New Push for Crooked Oil Crackdown

Fight disinformation: Sign up for the free Mother Jones Daily newsletter and follow the news that matters.


In the wake of last’s week Senate report on how dirty foreign money still flows into the US, an international group of energy activists pointed to the report’s findings as fresh evidence for the need for more transparency in the oil, gas, and mineral industries. The exhaustive report, published by the Senate investigations subcommittee, details four corruption cases—three of them previously unreported—in which foreign individuals all from nations rich in oil or other natural resources funneled millions of dollars in “suspect funds” into the US for money laundering purposes. In several instances, that dirty money likely came from the countries’ burgeoning energy sectors. The energy-transparency organization, the Publish What You Pay coalition, said the Senate’s findings reveal the shadowy, corrupt figures in energy-rich nations like Angola, Nigeria, and Gabon—three countries cited in the report—and show the need for disclosure on how multinational energy companies do business in those countries. “More transparency is needed in these countries to empower citizens to prevent the theft of public funds,” Isabel Munilla, Publish What You Pay’s US director, said in a statement. “A comprehensive US policy response requires the passing of the Energy Security Through Transparency Act.”

That legislation, introduced by Sen. Richard Lugar (R-IN) and Sen. Ben Cardin (D-MD) in September 2009, would force SEC-registered energy companies, like ExxonMobil and British Petroleum, to disclose how much they pay to foreign countries like Nigeria and the Congo to extract natural resources. Right now, information on those kinds of payments remains in the dark; the final destination of that money—be it the extraction company or the pockets of powerful foreign leaders—remains unclear. Lugar and Cardin’s bill would go a long way toward tracking that money and potentially preventing those funds from ending up in the wrong hands—an all-too-often occurrence in countries where resource wealth is a curse and not a blessing and transparency is the exception and not the rule.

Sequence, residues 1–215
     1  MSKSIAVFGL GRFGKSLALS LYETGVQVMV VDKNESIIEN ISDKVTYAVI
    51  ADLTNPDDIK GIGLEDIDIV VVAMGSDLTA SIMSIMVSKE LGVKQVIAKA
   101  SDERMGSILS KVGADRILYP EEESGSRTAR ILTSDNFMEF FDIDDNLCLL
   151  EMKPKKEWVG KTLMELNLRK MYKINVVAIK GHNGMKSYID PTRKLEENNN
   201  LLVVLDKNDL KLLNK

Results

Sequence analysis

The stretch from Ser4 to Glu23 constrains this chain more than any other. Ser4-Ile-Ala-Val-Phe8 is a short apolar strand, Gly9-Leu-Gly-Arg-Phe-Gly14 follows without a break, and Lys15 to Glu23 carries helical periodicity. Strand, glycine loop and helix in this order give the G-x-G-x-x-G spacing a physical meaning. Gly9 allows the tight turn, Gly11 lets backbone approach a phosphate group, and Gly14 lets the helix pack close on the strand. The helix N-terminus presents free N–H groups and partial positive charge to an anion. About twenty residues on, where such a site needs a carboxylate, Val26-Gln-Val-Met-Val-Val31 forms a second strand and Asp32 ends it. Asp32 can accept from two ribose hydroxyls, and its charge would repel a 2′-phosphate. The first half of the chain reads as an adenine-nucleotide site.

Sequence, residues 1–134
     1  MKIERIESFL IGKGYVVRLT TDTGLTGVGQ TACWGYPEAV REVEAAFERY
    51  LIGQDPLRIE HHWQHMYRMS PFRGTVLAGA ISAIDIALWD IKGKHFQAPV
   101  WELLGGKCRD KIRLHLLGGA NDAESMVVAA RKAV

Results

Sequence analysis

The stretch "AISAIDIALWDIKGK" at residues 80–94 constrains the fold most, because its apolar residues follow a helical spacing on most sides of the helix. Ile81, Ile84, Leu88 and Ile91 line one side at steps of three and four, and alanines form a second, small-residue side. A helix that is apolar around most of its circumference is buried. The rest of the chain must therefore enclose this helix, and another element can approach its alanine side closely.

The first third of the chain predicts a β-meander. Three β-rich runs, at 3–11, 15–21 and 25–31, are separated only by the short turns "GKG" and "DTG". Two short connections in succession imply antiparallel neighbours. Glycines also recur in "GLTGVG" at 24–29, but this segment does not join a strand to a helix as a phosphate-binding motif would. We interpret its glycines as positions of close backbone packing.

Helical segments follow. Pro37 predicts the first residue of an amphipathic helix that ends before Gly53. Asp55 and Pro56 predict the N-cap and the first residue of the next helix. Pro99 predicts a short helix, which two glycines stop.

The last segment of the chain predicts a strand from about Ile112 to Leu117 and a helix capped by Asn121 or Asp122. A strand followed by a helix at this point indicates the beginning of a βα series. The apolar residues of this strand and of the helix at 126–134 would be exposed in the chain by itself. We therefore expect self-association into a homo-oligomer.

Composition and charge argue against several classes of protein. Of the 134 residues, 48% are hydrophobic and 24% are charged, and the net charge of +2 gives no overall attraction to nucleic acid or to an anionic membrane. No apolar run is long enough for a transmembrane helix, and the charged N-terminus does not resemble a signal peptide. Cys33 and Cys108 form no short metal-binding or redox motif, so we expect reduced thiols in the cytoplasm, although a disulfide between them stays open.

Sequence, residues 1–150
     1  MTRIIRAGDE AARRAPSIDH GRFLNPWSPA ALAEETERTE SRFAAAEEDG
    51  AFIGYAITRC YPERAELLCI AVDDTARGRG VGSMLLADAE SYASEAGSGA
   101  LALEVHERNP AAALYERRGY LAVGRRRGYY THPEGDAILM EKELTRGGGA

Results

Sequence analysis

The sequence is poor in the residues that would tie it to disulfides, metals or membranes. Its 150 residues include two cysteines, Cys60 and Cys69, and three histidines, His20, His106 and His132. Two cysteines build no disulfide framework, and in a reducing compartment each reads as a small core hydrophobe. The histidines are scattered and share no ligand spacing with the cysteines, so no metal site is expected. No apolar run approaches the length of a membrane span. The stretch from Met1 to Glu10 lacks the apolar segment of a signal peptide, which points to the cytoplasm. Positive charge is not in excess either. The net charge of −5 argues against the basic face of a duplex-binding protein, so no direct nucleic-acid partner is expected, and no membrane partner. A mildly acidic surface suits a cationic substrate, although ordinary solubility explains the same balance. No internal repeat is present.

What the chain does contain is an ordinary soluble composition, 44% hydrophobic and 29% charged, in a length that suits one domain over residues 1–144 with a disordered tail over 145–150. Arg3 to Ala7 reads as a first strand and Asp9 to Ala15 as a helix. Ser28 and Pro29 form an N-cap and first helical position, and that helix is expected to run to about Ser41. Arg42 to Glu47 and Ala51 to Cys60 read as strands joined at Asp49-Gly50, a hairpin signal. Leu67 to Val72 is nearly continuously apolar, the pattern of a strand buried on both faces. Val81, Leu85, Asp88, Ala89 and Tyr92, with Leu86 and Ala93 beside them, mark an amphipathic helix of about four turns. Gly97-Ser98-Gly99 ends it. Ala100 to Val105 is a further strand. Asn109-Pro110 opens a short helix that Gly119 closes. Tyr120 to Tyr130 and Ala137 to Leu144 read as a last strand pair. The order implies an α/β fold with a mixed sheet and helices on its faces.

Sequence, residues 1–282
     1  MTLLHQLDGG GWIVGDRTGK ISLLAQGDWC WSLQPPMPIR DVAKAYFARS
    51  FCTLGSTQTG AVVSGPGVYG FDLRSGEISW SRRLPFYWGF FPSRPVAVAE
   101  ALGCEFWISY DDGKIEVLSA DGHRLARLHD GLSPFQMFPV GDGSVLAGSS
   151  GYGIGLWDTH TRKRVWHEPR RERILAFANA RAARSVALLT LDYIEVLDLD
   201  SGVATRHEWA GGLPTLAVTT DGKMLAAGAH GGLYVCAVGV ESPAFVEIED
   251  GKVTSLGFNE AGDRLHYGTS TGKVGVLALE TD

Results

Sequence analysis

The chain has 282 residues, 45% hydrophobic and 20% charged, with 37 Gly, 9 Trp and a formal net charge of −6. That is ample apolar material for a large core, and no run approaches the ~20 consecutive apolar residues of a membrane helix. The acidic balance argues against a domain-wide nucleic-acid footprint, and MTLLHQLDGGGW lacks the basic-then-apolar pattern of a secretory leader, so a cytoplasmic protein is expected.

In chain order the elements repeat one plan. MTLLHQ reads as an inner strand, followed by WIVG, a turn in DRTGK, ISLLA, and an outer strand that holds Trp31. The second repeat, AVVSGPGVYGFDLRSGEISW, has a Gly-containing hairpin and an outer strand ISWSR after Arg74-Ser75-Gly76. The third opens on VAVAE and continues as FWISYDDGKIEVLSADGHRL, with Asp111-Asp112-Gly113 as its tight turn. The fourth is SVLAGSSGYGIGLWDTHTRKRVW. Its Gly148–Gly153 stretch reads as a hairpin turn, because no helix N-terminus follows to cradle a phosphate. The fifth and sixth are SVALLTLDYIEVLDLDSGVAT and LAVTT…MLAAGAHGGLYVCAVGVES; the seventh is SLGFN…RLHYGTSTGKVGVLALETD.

We've never been very good at being conservative.

And usually, that serves us well in doing the ambitious, hard-hitting journalism that you turn to Mother Jones for. But it also means we can't afford to come up short when it comes to scratching together the funds it takes to keep our team firing on all cylinders, and the truth is, we finished our budgeting cycle on June 30 about $100,000 short of our online goal.

This is no time to come up short. It's time to fight like hell, as our namesake would tell us to do, for a democracy where minority rule cannot impose an extreme agenda, where facts matter, and where accountability has a chance at the polls and in the press. If you value our reporting and you can right now, please help us dig out of the $100,000 hole we're starting our new budgeting cycle in with an always-needed and always-appreciated donation today.

payment methods

We've never been very good at being conservative.

And usually, that serves us well in doing the ambitious, hard-hitting journalism that you turn to Mother Jones for. But it also means we can't afford to come up short when it comes to scratching together the funds it takes to keep our team firing on all cylinders, and the truth is, we finished our budgeting cycle on June 30 about $100,000 short of our online goal.

This is no time to come up short. It's time to fight like hell, as our namesake would tell us to do, for a democracy where minority rule cannot impose an extreme agenda, where facts matter, and where accountability has a chance at the polls and in the press. If you value our reporting and you can right now, please help us dig out of the $100,000 hole we're starting our new budgeting cycle in with an always-needed and always-appreciated donation today.

payment methods

We Recommend

Latest

Sign up for our free newsletter

Subscribe to the Mother Jones Daily to have our top stories delivered directly to your inbox.

Get our award-winning magazine

Save big on a full year of investigations, ideas, and insights.

Subscribe

Support our journalism

Help Mother Jones' reporters dig deep with a tax-deductible donation.

Donate